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Thread started 09/27/20 4:55am

emesem

Have we been underrating Bobby Z all these years?

And conversely was Shiela overrated?
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Reply #1 posted 09/27/20 5:14am

SimonCharles

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emesem said:

And conversely was Shiela overrated?

Go on - I'll play: nope. Nope.

*

Both played a significant part in transferring Prince's musical vision to the live stage, both played their part in the studio and creative process of Prince's muscial life. They both adapted to the situations they found themselves in and were bedrocks for a sustained period of Prince's career.

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Reply #2 posted 09/27/20 6:55am

LoveGalore

Nah lol
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Reply #3 posted 09/27/20 7:33am

KoolEaze

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Remember that Bobby Z. himself admitted that he understood why he was replaced with Sheila E. and that even he considered her the better drummer, so, no, I don´t think he´s underrated.

However, I´m not a musician and as far as I´m concerned, he´s one of my favorite bandmembers ever.

" I´d rather be a stank ass hoe because I´m not stupid. Oh my goodness! I got more drugs! I´m always funny dude...I´m hilarious! Are we gonna smoke?"
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Reply #4 posted 09/27/20 8:31am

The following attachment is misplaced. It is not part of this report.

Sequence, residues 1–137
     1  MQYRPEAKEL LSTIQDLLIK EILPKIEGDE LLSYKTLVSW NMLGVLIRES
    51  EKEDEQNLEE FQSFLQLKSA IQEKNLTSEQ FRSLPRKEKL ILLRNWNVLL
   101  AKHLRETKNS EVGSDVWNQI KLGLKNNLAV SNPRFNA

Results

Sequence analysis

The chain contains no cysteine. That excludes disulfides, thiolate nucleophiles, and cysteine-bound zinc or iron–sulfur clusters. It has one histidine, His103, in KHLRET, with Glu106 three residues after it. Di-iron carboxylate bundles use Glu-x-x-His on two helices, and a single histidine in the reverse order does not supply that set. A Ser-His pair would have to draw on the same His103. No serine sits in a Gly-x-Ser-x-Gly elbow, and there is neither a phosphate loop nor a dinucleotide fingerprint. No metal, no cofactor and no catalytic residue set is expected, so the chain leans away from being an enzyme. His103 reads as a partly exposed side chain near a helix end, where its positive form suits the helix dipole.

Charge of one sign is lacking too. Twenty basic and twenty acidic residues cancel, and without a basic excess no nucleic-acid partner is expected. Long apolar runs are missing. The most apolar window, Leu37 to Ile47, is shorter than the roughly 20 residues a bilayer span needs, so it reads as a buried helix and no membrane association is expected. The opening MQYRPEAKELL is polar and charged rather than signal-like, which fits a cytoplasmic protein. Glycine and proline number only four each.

1p1p1i3

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He also seems to be a genuinely lovely guy.

And if you can catch The Revolution when they start touring again, then you absolutely should.

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Reply #5 posted 09/27/20 9:00am

antonb

to be honest , he was the weak link when i saw the revolution in london when they played there last year. As nice as he is, he was going through the motions. And pretty uninspired!

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Reply #6 posted 09/27/20 9:43am

renfield

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Bobby was a solid drummer who could ride a groove for however long Prince wanted but he wasn't, as he acknowleged, as dynamic as Sheila. There's a reason she got solos and he didn't (not that I think he wanted them anyway). He was also probably the only member of the Revolution who wasn't as good at their instrument as Prince himself.

But given the insane talent around him it unfairly made him look weaker by comparison. It's like the way people joke about how talentless Ringo Starr was; he was better than he was credited for but he just wasn't John, Paul, or George. I think Bobby and Ringo being able to keep up for years with people on that level is itself an accomplishment worthy of respect.

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Reply #7 posted 09/27/20 11:08am

KoolEaze

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antonb said:

to be honest , he was the weak link when i saw the revolution in london when they played there last year. As nice as he is, he was going through the motions. And pretty uninspired!